Canadians say cheers to booze-free bevvies

Your guide to this booming beverage category
non alcoholic drink

Beyond Dry January

Sober curious. Mindful drinking. These buzzwords have bubbled up from a growing global movement of adults giving up (or reducing their intake of) alcohol for health and wellness benefits. The behaviour takes Dry January, after holiday boozing, to a year-round practice. Helping empower the movement to cut back are new non- and low-alcohol alternatives that taste like the real thing, minus the hangover and calories.

Joel Gregoire, associate director of food and drink at Mintel, says the firm’s research shows more than half of Canadian adults (approximately 57%) believe mocktails are a good substitute for the real thing, reflecting changing attitudes towards nonalcoholic drinking.

“No longer do you have that person sticking out with a glass of water or juice – with this category, they’re still able to enjoy the flavour profile of a cocktail as well as social moments,” he says. “The category offers a sense of inclusion.” 

Fad or the future?

Will Orford, director of purchasing at Fresh City Farms in Toronto, sees no signs of the category fizzling out. “Non-alcoholic beverages have become a staple in many fridges,” he says. “As new parents, they’ve become a staple in our house for my partner and I when we want something refreshing with dinner but still need our wits about us.” Producers also continue to innovate in the category. “We’re seeing non-alcoholic options for things like Prosecco, stouts and porters,” he notes.

A spirit-less spike

Buzz-less beverages have surged in popularity, with NielsenIQ naming it as one of the biggest trends of 2022. According to the market researcher, consumers spent US$3.3 billion on no- and low-alcohol products within the U.S. off-premise market last year.

Fresh City Farms began carrying proof-less beverage options in some of its eight locations and online in 2020-2021, and Orford is buzzed about their reception so far. 

“We have seen consistent growth,” he says. Breaking down sales for adult beverages, Orford says non-alcoholic spirits now sit “comfortably in our top three alongside beer and red wine.”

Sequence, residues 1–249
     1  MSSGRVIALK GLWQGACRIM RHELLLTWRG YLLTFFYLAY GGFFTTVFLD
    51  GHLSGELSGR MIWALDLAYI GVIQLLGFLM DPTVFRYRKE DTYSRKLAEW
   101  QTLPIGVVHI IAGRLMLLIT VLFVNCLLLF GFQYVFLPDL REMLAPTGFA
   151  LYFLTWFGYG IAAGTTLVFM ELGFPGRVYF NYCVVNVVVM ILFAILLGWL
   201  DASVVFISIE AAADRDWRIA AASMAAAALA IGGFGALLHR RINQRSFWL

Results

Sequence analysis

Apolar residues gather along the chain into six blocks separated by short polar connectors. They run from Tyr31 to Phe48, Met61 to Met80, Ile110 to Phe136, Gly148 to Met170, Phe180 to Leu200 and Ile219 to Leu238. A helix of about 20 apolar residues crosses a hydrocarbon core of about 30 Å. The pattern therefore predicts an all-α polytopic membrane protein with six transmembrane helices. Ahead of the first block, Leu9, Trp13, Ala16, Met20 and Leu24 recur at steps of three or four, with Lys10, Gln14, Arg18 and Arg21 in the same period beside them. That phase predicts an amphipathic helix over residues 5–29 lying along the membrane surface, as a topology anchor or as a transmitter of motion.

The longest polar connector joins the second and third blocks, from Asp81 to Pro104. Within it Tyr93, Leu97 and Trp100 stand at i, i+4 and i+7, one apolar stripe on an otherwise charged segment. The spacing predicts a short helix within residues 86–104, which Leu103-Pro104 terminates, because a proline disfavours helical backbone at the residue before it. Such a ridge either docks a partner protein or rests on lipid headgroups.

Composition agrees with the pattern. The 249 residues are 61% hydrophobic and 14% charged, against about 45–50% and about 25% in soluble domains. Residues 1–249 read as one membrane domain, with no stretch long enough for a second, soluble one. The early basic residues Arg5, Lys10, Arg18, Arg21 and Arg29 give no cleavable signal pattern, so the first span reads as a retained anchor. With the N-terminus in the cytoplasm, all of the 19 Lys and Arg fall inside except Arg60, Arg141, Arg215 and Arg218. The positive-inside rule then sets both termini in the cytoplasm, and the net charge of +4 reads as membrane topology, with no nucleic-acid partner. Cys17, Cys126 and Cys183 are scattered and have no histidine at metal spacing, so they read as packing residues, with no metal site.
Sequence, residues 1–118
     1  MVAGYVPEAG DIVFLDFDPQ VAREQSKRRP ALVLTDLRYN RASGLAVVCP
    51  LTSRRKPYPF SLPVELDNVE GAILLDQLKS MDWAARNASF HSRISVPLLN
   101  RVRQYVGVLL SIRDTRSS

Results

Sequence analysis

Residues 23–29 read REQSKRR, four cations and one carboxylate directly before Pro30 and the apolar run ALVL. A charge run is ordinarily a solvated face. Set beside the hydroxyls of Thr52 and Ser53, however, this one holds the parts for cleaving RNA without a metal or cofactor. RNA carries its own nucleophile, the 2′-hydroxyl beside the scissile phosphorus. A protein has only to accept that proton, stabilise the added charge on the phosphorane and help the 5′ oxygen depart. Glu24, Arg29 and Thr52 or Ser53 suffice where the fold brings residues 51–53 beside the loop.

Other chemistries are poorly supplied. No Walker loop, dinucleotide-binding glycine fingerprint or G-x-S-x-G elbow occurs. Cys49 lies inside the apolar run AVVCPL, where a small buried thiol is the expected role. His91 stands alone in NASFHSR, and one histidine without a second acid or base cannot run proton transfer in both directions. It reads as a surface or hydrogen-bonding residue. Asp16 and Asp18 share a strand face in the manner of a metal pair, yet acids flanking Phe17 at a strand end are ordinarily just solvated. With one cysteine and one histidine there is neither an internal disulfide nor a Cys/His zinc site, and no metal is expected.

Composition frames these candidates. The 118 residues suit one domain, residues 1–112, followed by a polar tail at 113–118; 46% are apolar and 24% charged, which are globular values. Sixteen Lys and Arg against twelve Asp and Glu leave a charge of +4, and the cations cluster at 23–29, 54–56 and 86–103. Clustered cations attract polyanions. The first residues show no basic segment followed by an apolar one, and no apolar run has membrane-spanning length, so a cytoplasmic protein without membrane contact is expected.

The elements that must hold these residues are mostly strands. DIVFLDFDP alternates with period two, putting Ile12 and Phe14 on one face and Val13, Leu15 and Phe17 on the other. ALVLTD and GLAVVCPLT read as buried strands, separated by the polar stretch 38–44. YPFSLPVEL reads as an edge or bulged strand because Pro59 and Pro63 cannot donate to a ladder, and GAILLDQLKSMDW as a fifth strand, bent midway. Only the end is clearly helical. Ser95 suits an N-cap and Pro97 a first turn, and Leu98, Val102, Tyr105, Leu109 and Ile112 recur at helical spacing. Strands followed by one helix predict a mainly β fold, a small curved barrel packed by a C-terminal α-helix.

Though the non-alcoholic beverage market is still developing in Canada, Sarah Parniak, senior Canadian manager, non-alcohol for Seedlip – a seven-year-old brand acquired by Diageo in 2019 – says once more retailers dedicate shelf space to these beverages it will prove “a turning point” for the category in Canada. “Shoppers need clear direction on where to find these products,” she explains. “Layering in education and occasion at shelf will help to establish a dynamic shopper story and set the stage for long-term growth.”

Bevy of brands

In recent years, Canada has seen new entrants like Sobrii, a brand featured on Dragons’ Den last year, which has a gin and a tequila with less than 0.5% alcohol, zero sugar and zero calories.

Vancouver-based Opus launched in late 2020 with a zero-proof Peach Bellini, Gin and Tonic, and Aperitivo Spritz. “In the first month, we sold 12 cases at retail, then 65 and then 90 and eventually moved 2,000 cases in a month,” says Opus founder and CEO Christos Kalaitzis.

And just in time for Dry January 2022, Corona Canada launched Corona Sunbrew 0.0%, a non-alcoholic beer that the company says contains 30% of the daily value of vitamin D per 330-mL serving.

This article was first featured in Canadian Grocer’s November issue.

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